Death by negligence and its normalisation
AFTER the Tazreen fire of November 24, 2012, which killed more than 119 workers, a few of us activists, anthropologists and photographers went to Nishchintapur, Ashulia where the factory was located. Immediately after the fire, we conducted a survey to collect information on the missing workers. We wanted to know how many families were searching for their loved ones, how many dead bodies had not been identified, which areas these workers came from, etc. We also spoke with the grieving community who witnessed the destruction and loss of the ravaging fire.
At every step of our fieldwork, we found allegations of negligence of the owner. On November 24, after the fire alarm went off in the evening hours, a worker on the 6th floor came towards the staircase and found the production manager smoking. The worker said: “Smoking is prohibited in the factory premises. Workers never smoke in the factory for fear of losing jobs. But the Production Manager (PM) Sir was smoking at the time. How do we know that it was not his cigarette that caused the fire?” The general people of the area had suspicions as to whether the fire was a conspiracy. Many of the victims asked how none of the management staff, who were in the building at the time of the fire, died. How did they get out of the building? The media has unearthed many details regarding the fire and its aftermath. However, a question is still unanswered: why did they lock the door after the fire started?
The factory clearly violated the to-do-list to prevent fire. We saw the violations. The factory did not have any fire exits. As per law, the fire exit must be outside the building. Although the staircases and hallways are supposed to be unobstructed, there were cartons, stacks of thread and pieces of cloth in every floor of the building. There was a high-voltage electric transformer on the ground floor. On the second floor, next to the women's staircase, there was a boiler machine for ironing clothes.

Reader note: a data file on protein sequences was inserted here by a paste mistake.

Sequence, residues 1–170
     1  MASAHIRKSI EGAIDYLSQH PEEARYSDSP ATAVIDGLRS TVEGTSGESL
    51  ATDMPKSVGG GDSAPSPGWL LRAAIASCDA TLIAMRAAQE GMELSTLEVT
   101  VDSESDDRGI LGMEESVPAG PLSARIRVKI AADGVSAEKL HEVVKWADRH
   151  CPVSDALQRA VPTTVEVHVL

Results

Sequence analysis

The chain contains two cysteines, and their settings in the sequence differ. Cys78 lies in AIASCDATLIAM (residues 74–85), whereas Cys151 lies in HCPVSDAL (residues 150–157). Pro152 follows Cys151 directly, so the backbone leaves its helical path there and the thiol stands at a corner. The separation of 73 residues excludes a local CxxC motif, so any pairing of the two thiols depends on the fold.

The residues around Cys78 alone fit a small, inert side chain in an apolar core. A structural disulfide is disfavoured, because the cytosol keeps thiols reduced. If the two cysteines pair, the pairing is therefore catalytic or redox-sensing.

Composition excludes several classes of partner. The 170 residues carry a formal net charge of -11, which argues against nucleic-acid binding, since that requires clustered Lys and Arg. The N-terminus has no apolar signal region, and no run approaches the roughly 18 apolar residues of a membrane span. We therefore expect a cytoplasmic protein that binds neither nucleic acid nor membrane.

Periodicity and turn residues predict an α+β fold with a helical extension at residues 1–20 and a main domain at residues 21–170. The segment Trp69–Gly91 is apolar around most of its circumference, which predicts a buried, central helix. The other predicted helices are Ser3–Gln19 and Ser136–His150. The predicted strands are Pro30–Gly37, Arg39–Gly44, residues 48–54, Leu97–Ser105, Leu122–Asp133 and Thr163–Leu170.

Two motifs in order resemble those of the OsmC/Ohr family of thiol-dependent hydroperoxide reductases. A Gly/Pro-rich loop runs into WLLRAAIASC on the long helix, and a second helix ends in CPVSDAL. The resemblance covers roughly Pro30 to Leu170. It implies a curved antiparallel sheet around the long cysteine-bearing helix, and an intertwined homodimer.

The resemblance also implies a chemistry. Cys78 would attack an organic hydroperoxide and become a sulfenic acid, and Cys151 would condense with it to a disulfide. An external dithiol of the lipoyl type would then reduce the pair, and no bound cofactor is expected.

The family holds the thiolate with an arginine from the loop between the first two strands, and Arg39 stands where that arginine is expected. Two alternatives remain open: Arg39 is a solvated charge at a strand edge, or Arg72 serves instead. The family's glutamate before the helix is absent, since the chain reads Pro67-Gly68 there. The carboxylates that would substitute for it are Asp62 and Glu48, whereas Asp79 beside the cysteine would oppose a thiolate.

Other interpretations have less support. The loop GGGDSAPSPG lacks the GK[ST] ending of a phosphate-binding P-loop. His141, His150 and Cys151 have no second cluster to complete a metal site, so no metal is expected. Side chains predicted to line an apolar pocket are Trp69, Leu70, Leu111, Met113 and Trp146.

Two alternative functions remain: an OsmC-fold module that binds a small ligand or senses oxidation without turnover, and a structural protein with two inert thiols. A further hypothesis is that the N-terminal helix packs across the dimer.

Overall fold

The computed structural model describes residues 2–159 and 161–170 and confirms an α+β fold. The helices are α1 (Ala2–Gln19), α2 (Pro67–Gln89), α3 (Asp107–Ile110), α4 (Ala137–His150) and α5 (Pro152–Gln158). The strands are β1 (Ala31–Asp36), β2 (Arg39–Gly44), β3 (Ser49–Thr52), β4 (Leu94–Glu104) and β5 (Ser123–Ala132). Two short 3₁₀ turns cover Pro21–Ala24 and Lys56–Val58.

All of these made us wonder how the factory got safety clearance after clearly violating the rules/laws. The allegation of negligence also came through various other reports, but most notably from a home ministry investigation report which clearly suggested that this was a case of “death by negligence” of the owner. The report also recommended that the owner be brought under the land's criminal law (A/34 of the Penal Code) which says: “Whoever causes the death of any person by doing rash or negligent act not amounting to culpable homicide shall be punished with either description for a term which may extend to five years, or with fine, or with both.”
Although some legal steps were taken against the owner, to our surprise, we noticed that the question of the legal liability of the owner began to lose its focus in the public discourse. Instead, a regime of compensation took over. With regard to the victims of Tazreen fire, Tk. 7 lacs were initially fixed as a compensation package for the people who had died. Much of this package was negotiated by different workers' rights global organisations which had experience of negotiating compensation packages. For us though, it appeared that some kind of formula was being tried in the case of Tazreen and Rana Plaza, the cataclysmic collapse of a building just six months after Tazreen fire, as similar actors were involved.